EGE FREN is the OEM supplier of Brake and Brake components for major Commercial Vehicle Brands in Europe.
Our creative R&D Capabilities, sustained Quality Approach, International Experience and Customer-Oriented Vision helps us to be an important player also in the Independent Aftermarket (IAM) area.
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Ms. Dilek Bayrak Akça, Ford Otosan, TURKEY
Ms. Öznur Çetin, Ford Otosan, TURKEY
Dipl.-Ing. Yasin Hacısalihoğlu, Ford Otosan, TURKEY
Dr.-Ing. Ibrahim Can Guleryüz, Ege Fren, TURKEY
Dipl.-Ing. Barış Yılmaz, Ege Fren, TURKEY
Brake Rotor Vane Modification Effect in the Enhancement of Heat Transfer for Heavy Duty Vehicles
Nowadays, vehicle manufacturers are straggling with hard environmental requirements consistently. CO2 reduction and friction material emissions are the most important concerns highly considered by governments. Weight is the key parameter of the vehicle design due to its effects on both fuel consumption and CO2 emission. There is a trade-off between brake rotor’s thermal capacity and weight. Decreasing brake rotor weight reduces thermal capacity and it decreases braking performance of the vehicle because of sudden temperature increase above the material’s maximum operating temperature.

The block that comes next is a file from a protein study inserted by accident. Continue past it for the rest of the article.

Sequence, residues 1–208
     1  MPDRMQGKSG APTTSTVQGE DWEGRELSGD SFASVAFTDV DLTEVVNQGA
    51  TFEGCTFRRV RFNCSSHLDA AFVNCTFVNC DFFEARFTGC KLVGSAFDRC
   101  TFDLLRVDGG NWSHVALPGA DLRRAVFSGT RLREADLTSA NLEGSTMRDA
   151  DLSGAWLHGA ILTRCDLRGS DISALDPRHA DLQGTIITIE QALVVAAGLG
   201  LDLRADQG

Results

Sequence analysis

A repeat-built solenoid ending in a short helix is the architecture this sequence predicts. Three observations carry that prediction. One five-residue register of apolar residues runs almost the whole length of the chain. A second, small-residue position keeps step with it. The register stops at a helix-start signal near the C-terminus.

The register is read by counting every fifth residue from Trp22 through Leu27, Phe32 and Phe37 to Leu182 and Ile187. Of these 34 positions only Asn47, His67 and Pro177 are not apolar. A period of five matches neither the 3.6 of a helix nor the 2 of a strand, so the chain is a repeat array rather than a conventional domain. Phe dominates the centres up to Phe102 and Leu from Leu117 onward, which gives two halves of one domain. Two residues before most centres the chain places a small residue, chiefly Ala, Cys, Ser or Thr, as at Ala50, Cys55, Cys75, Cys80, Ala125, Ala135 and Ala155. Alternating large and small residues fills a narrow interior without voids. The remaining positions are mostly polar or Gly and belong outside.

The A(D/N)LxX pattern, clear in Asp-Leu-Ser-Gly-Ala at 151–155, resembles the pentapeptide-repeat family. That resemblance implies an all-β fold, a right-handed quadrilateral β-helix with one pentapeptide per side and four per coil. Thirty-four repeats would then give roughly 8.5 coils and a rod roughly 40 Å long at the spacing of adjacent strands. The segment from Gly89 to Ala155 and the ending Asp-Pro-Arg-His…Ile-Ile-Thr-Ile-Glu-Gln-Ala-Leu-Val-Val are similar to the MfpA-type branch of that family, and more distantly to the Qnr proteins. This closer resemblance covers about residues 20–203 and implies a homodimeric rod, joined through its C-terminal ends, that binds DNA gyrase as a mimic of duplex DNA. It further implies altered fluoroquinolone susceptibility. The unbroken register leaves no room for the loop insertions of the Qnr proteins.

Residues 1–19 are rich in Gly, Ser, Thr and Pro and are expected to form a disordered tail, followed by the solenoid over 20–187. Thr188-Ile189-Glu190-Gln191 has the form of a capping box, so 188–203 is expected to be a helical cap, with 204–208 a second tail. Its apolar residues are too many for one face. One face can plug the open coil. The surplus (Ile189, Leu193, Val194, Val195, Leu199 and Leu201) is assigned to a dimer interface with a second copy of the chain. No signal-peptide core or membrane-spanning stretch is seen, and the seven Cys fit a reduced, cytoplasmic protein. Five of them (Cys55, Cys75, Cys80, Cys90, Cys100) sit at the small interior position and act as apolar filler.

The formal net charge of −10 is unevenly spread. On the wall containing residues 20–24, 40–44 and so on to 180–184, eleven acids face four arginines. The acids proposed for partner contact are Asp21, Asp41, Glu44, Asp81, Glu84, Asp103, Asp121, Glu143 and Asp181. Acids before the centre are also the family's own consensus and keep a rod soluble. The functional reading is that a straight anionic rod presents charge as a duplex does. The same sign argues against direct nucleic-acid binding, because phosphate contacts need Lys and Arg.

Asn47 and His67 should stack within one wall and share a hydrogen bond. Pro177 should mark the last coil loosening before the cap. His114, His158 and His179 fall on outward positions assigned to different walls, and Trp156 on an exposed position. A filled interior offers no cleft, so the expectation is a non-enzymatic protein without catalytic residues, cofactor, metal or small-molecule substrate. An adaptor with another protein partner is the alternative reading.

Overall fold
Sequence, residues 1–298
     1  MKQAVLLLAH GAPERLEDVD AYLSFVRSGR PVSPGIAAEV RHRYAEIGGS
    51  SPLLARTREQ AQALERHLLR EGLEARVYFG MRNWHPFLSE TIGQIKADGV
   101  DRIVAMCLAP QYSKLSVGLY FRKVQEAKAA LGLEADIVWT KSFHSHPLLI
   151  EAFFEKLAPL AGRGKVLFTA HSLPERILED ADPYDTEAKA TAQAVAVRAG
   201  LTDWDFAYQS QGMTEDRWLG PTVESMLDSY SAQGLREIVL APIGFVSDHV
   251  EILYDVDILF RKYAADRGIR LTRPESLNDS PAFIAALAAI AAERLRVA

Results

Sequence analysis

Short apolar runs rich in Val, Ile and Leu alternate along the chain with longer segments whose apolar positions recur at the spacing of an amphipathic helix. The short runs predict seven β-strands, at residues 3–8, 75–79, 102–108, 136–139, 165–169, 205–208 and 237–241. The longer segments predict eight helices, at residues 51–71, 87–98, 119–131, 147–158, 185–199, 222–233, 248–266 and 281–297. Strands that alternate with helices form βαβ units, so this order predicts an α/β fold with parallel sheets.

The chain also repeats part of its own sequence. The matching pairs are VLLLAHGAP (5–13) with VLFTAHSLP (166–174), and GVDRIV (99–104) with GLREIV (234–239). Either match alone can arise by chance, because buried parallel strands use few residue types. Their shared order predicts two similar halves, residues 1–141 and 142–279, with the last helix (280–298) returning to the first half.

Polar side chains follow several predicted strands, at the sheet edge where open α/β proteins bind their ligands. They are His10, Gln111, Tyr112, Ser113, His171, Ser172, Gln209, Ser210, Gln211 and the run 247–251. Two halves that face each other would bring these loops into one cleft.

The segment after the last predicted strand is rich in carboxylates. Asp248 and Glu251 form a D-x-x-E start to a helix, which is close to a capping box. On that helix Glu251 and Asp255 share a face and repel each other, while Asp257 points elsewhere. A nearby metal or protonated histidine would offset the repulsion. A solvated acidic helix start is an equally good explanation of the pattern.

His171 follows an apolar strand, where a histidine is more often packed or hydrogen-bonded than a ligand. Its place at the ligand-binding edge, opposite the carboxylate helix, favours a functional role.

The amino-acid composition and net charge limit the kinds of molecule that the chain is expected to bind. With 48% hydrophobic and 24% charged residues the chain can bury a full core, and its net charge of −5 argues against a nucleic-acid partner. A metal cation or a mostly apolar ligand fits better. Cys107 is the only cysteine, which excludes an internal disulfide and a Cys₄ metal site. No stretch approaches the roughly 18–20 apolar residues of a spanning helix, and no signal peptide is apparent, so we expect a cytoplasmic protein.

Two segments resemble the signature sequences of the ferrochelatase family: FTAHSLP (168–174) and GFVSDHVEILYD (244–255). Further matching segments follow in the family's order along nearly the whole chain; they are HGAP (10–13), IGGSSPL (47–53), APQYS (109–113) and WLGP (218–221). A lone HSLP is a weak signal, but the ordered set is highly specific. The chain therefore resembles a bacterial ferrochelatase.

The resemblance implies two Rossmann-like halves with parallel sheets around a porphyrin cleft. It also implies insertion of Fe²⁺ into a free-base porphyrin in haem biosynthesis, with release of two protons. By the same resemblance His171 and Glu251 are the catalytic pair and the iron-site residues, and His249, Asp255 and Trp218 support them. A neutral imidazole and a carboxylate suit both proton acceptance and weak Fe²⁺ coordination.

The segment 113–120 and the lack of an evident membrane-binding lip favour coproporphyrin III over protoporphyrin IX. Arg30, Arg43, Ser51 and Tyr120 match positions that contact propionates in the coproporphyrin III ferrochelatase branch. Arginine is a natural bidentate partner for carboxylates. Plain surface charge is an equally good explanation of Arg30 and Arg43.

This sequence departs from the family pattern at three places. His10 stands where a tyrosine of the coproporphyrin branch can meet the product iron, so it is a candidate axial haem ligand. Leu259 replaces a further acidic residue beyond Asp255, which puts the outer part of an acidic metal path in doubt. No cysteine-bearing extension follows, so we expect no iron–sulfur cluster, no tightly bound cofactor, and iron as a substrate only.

Ventilated brake rotors are in use for long haul tractors due to increase in surface area of heat transfer and reduction in mass of rotor. Also, improving cooling performance of brake rotor may reduce the wear of pad and rotor. The generated heat during braking is rejected to surrounding mainly by forced convection. It is clear that failure of brake rotor is due to high thermal stresses developed by large temperature gradient between friction surfaces and ventilation vanes of the rotor. Pillared rotors are alternative to radial vane rotors as they have more uniform temperature distribution within rotor passages. Even though mass flow rate in case of pillared rotors is less than radial type rotors, the rate of heat transfer on vehicle level are found to be similar in both cases.
Computational fluid dynamics (CFD) is used to determine cooling performance of ventilated brake rotors on both component and full vehicle level. In full vehicle CFD models, vehicle package constraints of brake system within the wheel cavity is considered. Analyses are conducted for 3 different vehicle velocity conditions which are 30, 60 and 70 km/h. Component level CFD simulation correlation is targeted by measuring the rotor cooling duration on the inertia dynamometer to minimize the inertia dynamometer test effort during new rotor development.
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